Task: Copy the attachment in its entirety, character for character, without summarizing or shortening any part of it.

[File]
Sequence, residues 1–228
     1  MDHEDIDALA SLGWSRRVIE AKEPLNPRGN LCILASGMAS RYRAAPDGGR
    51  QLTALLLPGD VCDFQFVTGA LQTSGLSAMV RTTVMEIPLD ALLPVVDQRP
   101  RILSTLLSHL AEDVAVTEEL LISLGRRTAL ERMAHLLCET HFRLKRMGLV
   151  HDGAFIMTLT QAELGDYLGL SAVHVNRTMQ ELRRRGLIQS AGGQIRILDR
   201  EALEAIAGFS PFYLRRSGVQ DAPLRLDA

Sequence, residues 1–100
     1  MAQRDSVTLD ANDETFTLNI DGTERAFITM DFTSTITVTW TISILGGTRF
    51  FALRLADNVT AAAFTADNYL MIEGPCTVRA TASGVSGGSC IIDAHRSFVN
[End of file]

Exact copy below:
Sequence, residues 1–228
     1  MDHEDIDALA SLGWSRRVIE AKEPLNPRGN LCILASGMAS RYRAAPDGGR
    51  QLTALLLPGD VCDFQFVTGA LQTSGLSAMV RTTVMEIPLD ALLPVVDQRP
   101  RILSTLLSHL AEDVAVTEEL LISLGRRTAL ERMAHLLCET HFRLKRMGLV
   151  HDGAFIMTLT QAELGDYLGL SAVHVNRTMQ ELRRRGLIQS AGGQIRILDR
   201  EALEAIAGFS PFYLRRSGVQ DAPLRLDA

Sequence, residues 1–100
     1  MAQRDSVTLD ANDETFTLNI DGTERAFITM DFTSTITVTW TISILGGTRF
    51  FALRLADNVT AAAFTADNYL MIEGPCTVRA TASGVSGGSC IIDAHRSFVN